The establishment of human myeloma cell lines (HMCLs) remains rare and has mainly been obtained in samples from patients who had massive and/or serous EMD (mostly secondary), whatever the origin of patient’s samples, that is, bone marrow, peripheral blood, pleural effusion or ascites fluid.6, 7 Although these HMCLs mostly derived from end-stage disease, they retained the oncogenic abnormalities found at the time of diagnosis.6, 7 A recent study, which assessed the presence of BRAF mutation in six HMCLs, reported that U266 harboured the K601N mutation, suggesting that BRAF mutation could be frequent in HMCLs.8 We thus screened 33 HMCLs for V600E BRAF mutation by sequencing exon 15 to determine whether vemurafenib could be a common therapeutic approach for patients with massive EMD, especially plasma cell leukaemia. In this collection, 2 HMCLs were derived from ascites fluid, 18 from peripheral blood, 12 from pleural effusion and 1 from subcutaneous sample (Table 1). Unfortunately, none of the HMCLs carried the V600E mutation (Table 1). U266 was retrieved in this screening to harbour the K601N BRAF mutation (66% of mutated allele) and no other BRAF mutation was found in the collection. U266 was subcloned in order to define whether the mutation was present in each cell. As shown in Figure 1a, all clones evaluated (n=17) harboured the mutation with the same proportion of 66%, as found within the parental cell line. Because U266 is known to carry a duplication of the q32q34 region of chromosome 7 where BRAF is located, it is likely that the mutated BRAF allele is duplicated.9 We further determined the sensitivity of U266 and three BRAF wild-type cell lines to vemurafenib. All cell lines displayed a very weak sensitivity with IC50 values higher than 5μM (Figure 1b and Table 1). By contrast, in V600E-mutated melanoma cells, IC50 values were lower than 100nM, whereas V600E unmutated cells (including cells carrying other BRAF mutations) required more than 1μM to display any sensitivity.10 Although the BRAF-mutated HMCL did not carry any RAS mutation, 45% of HMCLs (15 out of 33) harboured a K- or N-RAS activating mutation (Table 1). Our findings show that BRAF mutation, in contrast to that of RAS,1 is a rare event even in massive and/or serous EMD and that targeting BRAF V600E mutation with vemurafenib in MM could unfortunately be of limited value in patients with massive and/or serous EMD, such as pleural effusion or plasma cell leukaemia. Nevertheless, vemurafenib could be of high interest for patients with soft tissue plasmacytomas, in which the BRAF V600E mutation has been found, provided the mutation incidence should be significant in that infrequent MM presentation.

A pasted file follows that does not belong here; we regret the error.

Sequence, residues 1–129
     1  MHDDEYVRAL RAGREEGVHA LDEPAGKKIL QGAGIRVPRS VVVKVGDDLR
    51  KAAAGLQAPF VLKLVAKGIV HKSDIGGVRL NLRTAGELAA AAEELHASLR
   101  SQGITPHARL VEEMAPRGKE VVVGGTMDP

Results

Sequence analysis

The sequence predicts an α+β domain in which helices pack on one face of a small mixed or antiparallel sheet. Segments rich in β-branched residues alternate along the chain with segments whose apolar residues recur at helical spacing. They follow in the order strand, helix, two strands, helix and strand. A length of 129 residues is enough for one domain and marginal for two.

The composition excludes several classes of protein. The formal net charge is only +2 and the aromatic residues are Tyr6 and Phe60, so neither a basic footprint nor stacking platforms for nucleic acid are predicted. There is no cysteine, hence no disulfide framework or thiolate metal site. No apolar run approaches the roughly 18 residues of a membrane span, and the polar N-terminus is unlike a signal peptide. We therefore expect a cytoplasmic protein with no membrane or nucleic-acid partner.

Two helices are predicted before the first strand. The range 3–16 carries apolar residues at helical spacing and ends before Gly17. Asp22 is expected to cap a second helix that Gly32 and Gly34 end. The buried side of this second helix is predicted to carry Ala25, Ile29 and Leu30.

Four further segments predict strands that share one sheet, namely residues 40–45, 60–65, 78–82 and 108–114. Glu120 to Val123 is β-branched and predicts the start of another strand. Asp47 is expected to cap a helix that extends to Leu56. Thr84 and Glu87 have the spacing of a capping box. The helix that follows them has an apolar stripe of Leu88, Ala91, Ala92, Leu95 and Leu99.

Figure 1.
Figure 1 - Unfortunately we are unable to provide accessible alternative text for this. If you require assistance to access this image, please contact help@nature.com or the author

(a) BRAF exon 15 DNA sequencing was performed in U266 cell line and in 17 clones derived by limiting dilution assay. All sequenced clones harboured the same mutation proportion as illustrated in the figure. (b) Cells (30000 cells per 0.2ml) were seeded for 3 days in the presence of increasing concentrations of vemurafenib (Selleckchem, www.selleckchem.com). Proliferation was determined with the Alamar Blue Assay according to the manufacturer’s instructions (AbD Serotec, Biorad, Marnes La Coquette, France). The data represent the mean±s.e.m. of three independent experiments performed in triplicate wells.

Full figure and legend (85K)


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Conflict of interest

The authors declare no conflict of interest.

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Acknowledgements

We thank Fabienne Perrault-Hu, Véronique Chenais and Yevgeniya Zozulya for excellent technical assistance.

Author contributions

LL and CPD designed the study, performed experiments and wrote the paper. PM and MCB participated in writing the paper. AM performed experiments. CG reviewed karyotype. CT, MA and SLG reviewed the manuscript.

This work is licensed under a Creative Commons Attribution-NonCommercial-NoDerivs 3.0 Unported License. To view a copy of this license, visit http://creativecommons.org/licenses/by-nc-nd/3.0/.